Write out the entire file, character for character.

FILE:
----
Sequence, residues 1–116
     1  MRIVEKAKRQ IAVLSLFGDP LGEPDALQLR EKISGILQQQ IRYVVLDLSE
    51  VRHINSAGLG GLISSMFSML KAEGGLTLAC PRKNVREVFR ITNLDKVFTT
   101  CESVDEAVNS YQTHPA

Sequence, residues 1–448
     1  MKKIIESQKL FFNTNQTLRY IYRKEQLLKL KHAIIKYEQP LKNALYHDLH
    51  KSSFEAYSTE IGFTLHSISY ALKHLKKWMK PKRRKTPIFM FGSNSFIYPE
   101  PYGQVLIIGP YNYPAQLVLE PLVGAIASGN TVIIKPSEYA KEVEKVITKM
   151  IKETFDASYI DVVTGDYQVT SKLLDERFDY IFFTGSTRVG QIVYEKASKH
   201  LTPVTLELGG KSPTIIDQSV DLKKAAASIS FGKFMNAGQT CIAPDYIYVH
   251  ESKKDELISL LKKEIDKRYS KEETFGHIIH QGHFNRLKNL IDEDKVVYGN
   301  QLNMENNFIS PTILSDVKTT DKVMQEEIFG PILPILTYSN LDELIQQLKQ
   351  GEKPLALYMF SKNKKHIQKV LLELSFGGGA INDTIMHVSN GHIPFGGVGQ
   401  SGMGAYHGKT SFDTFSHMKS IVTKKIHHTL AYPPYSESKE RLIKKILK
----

Sequence, residues 1–116
     1  MRIVEKAKRQ IAVLSLFGDP LGEPDALQLR EKISGILQQQ IRYVVLDLSE
    51  VRHINSAGLG GLISSMFSML KAEGGLTLAC PRKNVREVFR ITNLDKVFTT
   101  CESVDEAVNS YQTHPA

Sequence, residues 1–448
     1  MKKIIESQKL FFNTNQTLRY IYRKEQLLKL KHAIIKYEQP LKNALYHDLH
    51  KSSFEAYSTE IGFTLHSISY ALKHLKKWMK PKRRKTPIFM FGSNSFIYPE
   101  PYGQVLIIGP YNYPAQLVLE PLVGAIASGN TVIIKPSEYA KEVEKVITKM
   151  IKETFDASYI DVVTGDYQVT SKLLDERFDY IFFTGSTRVG QIVYEKASKH
   201  LTPVTLELGG KSPTIIDQSV DLKKAAASIS FGKFMNAGQT CIAPDYIYVH
   251  ESKKDELISL LKKEIDKRYS KEETFGHIIH QGHFNRLKNL IDEDKVVYGN
   301  QLNMENNFIS PTILSDVKTT DKVMQEEIFG PILPILTYSN LDELIQQLKQ
   351  GEKPLALYMF SKNKKHIQKV LLELSFGGGA INDTIMHVSN GHIPFGGVGQ
   401  SGMGAYHGKT SFDTFSHMKS IVTKKIHHTL AYPPYSESKE RLIKKILK